James Blake – The Colour In Anything (Review)

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Ever since James Blake burst onto the scene at the turn of the decade, he’s been one of pop’s most creative forces. His ability to put together all kinds of different sounds into his compositions – from left-field synths to glitchy reverbs – and still make it pleasing to the ears is a testament to his talent as a musician. He’s so talented in fact, superstars such as Beyonce and Drake have employed his services since his coming-out party. For his 3rd album, titled The Colour In Anything, there are certainly some incredible arrangements. It wouldn’t be a James Blake album without some. However it’s Blake’s heart-on-your-sleeve lyrics that take center stage, which show the singer open up more than ever before.

Blake has always been known to be adventurous with his music (to say the least), and the singer-songwriter doesn’t stray from what he does best on TCIA. On the first track “Radio Silence,” Blake’s voice glides around various hi-hats, sweeping synths and his own soft croons, which on the surface look like they have really no business being together, but, much like Blake’s compositions, it usually all fits together just fine. “I Hope My Life,” sounds like it could fit right on a ’80s sci-fi soundtrack. The 4th track epic “Timeless,” finds James’ production at his most audacious. He begins with his signature downtempo drum and distorted bass, then transitions to some sparse electric guitar plucks and space-like synths, until ultimately reaching the climax: a high-pitched burst of a synth that will make you think you’re being teleported to another dimension.

The primary theme of Blake’s lyrics is love, and all of its facets. On “Love Me In Whatever Way,” Blake promises that he’ll do whatever it takes to make his beloved love him. “Where you lead me I will go,” he says rather directly. “Tell me where I have to go.” The pleading gets stronger on “Choose Me,” where you can essentially hear the yearning in his voice. “I know there are places I can’t go with you … I’d rather you choose me,” he cries. Blake also questions love’s longevity and whether it’s worth pursuing. “Don’t use the word ‘forever,’ we live so long to be so loved,” he cautions his current flame on F.O.R.E.V.E.R. On “Waves Know Shores” he addresses the latter. “You wanna know me like waves know shores,” he lulls over doleful trumpets. “I suggest you love like love’s no loss.”

TCIA has only one feature, Bon Iver’s Justin Vernon, and he more than does his part on “I Need A Forest Fire.” The track centers around beginning anew and ending a failing relationship so both can attain what they really desire. “To burn it like cedar, I request another dream, I need a forest fire,” the two sing throughout the song while the phrase “another shade, another shadow,” echoes repeatedly in the background. While Vernon may be the only guest vocalist, fellow musical wunderkind Frank Ocean has writing credits on two tracks. The first one, “My Willing Heart,” has Blake wondering when to give in and accept true love, and if the subject of his affection is ‘the one.’ “How will I know? How will I walk slow?” he asks himself on the chorus; the haunting, atmospheric production matching the mood perfectly.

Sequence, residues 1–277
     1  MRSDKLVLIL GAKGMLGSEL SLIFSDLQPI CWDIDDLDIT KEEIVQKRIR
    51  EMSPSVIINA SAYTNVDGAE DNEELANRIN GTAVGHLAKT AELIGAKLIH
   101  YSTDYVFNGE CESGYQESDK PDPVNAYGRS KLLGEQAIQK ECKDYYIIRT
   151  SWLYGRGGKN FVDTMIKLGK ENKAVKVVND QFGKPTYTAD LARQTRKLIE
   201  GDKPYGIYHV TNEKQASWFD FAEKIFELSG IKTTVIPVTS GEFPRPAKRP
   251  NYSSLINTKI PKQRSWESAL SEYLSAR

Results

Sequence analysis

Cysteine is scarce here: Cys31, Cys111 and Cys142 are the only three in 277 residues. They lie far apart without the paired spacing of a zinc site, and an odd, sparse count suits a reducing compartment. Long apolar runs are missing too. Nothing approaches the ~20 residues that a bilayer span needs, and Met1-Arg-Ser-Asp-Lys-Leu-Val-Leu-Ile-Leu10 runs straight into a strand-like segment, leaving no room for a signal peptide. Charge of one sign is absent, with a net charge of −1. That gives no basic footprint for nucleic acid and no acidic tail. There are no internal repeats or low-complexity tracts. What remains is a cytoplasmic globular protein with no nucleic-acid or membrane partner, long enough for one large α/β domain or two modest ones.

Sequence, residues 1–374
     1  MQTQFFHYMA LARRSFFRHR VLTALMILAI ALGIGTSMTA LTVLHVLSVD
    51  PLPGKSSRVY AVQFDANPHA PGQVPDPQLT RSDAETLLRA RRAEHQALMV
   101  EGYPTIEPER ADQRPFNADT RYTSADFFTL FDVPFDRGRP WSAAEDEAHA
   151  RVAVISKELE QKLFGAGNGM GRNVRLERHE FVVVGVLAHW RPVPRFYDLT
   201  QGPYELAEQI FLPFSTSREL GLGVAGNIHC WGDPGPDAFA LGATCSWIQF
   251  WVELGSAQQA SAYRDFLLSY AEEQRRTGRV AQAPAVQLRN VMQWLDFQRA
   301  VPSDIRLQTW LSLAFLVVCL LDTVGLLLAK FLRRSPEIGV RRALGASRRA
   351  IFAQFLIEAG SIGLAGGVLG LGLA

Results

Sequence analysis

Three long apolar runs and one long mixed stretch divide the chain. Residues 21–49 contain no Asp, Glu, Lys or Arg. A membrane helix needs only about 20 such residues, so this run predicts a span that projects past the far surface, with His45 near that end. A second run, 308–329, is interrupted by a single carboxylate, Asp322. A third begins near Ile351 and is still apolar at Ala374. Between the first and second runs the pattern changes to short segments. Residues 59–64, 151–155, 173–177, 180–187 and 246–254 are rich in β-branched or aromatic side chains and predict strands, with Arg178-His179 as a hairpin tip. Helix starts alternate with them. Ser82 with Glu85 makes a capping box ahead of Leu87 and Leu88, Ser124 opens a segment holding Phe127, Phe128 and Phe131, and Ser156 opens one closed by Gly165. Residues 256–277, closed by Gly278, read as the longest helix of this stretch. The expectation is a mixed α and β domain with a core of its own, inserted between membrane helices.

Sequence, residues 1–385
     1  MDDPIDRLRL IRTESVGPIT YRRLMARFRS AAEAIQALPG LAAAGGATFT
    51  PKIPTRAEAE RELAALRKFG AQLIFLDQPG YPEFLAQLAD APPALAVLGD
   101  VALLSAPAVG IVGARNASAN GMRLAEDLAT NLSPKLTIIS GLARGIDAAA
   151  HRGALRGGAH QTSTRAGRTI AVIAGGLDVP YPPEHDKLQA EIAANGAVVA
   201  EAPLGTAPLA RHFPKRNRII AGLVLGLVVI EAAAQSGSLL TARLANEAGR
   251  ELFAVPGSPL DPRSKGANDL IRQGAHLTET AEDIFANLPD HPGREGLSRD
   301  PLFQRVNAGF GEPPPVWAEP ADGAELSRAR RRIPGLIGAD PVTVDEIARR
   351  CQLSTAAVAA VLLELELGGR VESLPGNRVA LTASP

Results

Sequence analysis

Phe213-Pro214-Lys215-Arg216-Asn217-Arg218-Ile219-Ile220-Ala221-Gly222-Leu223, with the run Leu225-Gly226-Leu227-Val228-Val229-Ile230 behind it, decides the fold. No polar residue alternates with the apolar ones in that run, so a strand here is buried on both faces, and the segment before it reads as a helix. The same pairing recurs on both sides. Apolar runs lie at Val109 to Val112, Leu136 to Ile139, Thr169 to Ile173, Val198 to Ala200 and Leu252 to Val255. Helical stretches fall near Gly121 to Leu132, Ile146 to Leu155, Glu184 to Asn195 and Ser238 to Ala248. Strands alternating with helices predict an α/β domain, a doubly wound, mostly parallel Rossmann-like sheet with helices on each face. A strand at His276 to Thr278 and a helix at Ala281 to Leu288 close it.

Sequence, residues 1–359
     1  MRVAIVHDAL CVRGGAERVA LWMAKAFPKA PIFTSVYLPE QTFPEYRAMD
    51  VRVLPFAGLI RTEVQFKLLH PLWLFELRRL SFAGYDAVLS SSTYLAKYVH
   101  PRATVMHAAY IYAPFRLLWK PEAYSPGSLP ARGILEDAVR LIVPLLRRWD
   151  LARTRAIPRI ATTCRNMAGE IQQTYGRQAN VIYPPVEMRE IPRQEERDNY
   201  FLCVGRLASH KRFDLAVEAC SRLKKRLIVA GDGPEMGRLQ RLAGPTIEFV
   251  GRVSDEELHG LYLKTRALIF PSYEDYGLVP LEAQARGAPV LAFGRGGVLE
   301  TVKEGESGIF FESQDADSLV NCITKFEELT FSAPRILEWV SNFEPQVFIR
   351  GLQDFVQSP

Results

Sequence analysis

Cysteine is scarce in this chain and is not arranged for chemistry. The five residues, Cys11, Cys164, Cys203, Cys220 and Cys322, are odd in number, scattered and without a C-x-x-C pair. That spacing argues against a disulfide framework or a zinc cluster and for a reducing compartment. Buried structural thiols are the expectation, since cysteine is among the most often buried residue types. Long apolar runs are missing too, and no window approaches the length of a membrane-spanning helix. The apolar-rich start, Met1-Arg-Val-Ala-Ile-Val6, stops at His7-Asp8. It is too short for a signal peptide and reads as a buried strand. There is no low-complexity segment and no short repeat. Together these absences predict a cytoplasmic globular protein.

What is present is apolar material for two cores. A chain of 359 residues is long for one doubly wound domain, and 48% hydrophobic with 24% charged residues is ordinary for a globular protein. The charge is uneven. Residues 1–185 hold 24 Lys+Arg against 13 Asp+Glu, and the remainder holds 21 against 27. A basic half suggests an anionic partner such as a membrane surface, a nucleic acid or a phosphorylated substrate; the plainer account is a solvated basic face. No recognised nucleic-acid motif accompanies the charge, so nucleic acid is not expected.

The album’s last two tracks, “Always” and “Meet You In The Maze,” are fitting closers to the project. On the former, also co-written by Ocean, Blake seems to be in his own bliss-filled dream world, finally past the bleak times mentioned earlier in the album. “It’s a sweet world, it’s so easy, and I’m not afraid, I’m not hurt … this is how I want to feel,” he sings over bouncy snares and child-like pianos. “Meet You In The Maze ” has Blake looking toward the future and whether or not the person he’s currently with is going to be in it; the ‘maze’ being a metaphor for life’s unknown twists and turns. The song is very minimal; only the profoundly dubbed layers of his voice can be heard. Both tracks carry a sense of optimism with them, which can only make Blake (and fans) hopeful of what’s to come in the future.

Clocking in at little over an hour, there’s a lot to process with this album. Couple that with the somewhat inaccessibility that encompasses Blake’s music, there’s no denying it’s a challenging listen. However, those who weather the distorted, electronic storm that is James Blake’s 3rd LP will be rewarded with an intimate and insightful look at where the artist is at in his life, where he’s been, and where he’s hopefully headed.

 

9.0-10

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